Google is targeting Amazon's cloud storage reign with its new Google Cloud Storage Nearline, which could eventually change how companies deal with cloud storage.
The goal for Google is to take on Amazon's Glacier business through the new service, which is in beta and charges one cent per GB per month for data at rest.
"Today, we're excited to introduce Google Cloud Storage Nearline, a simple, low-cost, fast-response storage service with quick data backup, retrieval and access," said Google in a statement. "Many of you operate a tiered data storage and archival process, in which data moves from expensive online storage to offline cold storage. We know the value of having access to all of your data on demand, so Nearline enables you to easily backup and store limitless amounts of data at a very low cost and access it at any time in a matter of seconds."
The idea of cold storage is nothing new. It is essentially targeted at data that customers do not need frequent access to, such as old logs. Unlike other services, such as Amazon's Glacier where it can take hours before data is available again, Google promises to make data stored using Nearline available to customers within three seconds of them wanting it.
Google Nearline falls in between online and offline storage, and is largely aimed at reducing the cost difference between storage that is online and offline. Online storage is rather expensive and always has been, however often customers of businesses expect to be able to access data immediately. Nearline essentially blurs the line between online and offline storage, meaning that businesses ideally will not have to move their data to offline storage in order to substantially lower costs.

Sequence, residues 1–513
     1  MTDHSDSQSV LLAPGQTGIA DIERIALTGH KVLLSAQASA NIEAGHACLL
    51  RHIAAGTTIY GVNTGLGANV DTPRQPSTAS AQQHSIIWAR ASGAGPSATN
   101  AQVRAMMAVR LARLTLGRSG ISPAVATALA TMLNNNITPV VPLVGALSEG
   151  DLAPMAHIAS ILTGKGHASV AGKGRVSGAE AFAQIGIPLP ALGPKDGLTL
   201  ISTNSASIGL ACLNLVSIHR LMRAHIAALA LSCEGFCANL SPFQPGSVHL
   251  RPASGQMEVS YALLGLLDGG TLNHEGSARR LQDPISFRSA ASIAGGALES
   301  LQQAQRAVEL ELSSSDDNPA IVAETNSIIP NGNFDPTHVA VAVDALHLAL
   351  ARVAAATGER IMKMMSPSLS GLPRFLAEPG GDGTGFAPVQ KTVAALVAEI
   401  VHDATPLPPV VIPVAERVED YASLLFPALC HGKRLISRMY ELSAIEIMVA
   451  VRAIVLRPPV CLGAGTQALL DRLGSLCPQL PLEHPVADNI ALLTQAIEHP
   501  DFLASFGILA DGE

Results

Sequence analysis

"We wanted to create a product that made it economical to never throw anything away," said Tom Kershaw, director of product management for the Cloud Platform team at Google. "Google is pretty good at storing things, but every organization should be able to keep its data around."
Google itself is able to lower the cost of Nearline storage because of the fact that it keeps all of its data, both online or "Nearline," on one system. This type of storage solution is rather unusual, with companies historically choosing to use two systems. Typically, this means that transferring data is a problem, and can take hours.
Nearline, being on the same system, also shares other features with Google's other storage offerings, such as the same encryption and security. It is expected that customers will largely use the service to store things like photos and documents.